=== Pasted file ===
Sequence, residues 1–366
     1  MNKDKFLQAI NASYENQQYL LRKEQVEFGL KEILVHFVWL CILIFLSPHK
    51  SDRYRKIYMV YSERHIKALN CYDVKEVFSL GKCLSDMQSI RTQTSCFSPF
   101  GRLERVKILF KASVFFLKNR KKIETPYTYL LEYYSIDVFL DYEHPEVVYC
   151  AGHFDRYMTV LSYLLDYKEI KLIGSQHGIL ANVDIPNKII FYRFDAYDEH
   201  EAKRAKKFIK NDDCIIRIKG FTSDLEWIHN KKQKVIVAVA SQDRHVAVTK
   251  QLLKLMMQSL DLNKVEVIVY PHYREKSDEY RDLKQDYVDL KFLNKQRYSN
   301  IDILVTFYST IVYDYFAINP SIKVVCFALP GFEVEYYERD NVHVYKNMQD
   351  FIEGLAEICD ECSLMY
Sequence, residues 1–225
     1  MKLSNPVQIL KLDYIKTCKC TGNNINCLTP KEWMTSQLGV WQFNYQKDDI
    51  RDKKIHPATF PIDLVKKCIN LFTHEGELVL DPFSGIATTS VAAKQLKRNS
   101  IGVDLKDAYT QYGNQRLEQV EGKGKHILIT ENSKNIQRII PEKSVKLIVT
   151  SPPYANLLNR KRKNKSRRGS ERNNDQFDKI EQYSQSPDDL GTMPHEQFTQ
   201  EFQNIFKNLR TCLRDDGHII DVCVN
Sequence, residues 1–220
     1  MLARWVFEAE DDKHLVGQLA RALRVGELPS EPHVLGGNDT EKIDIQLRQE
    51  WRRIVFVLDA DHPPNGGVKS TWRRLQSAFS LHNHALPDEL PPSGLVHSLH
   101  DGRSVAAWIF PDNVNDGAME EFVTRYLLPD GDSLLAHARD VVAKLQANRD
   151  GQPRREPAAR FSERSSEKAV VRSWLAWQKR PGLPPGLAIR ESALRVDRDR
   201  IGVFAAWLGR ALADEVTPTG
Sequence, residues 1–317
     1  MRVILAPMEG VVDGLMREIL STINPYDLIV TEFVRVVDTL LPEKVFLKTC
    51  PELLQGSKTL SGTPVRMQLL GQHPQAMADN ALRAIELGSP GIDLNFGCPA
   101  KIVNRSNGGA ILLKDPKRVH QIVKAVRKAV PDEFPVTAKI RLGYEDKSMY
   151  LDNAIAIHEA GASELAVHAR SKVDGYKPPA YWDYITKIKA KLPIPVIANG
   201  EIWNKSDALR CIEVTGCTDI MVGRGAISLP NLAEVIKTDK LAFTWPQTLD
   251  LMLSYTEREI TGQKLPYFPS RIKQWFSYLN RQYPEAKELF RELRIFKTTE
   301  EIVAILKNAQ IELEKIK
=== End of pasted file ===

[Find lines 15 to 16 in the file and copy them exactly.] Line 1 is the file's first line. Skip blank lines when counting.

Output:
   201  EFQNIFKNLR TCLRDDGHII DVCVN
Sequence, residues 1–220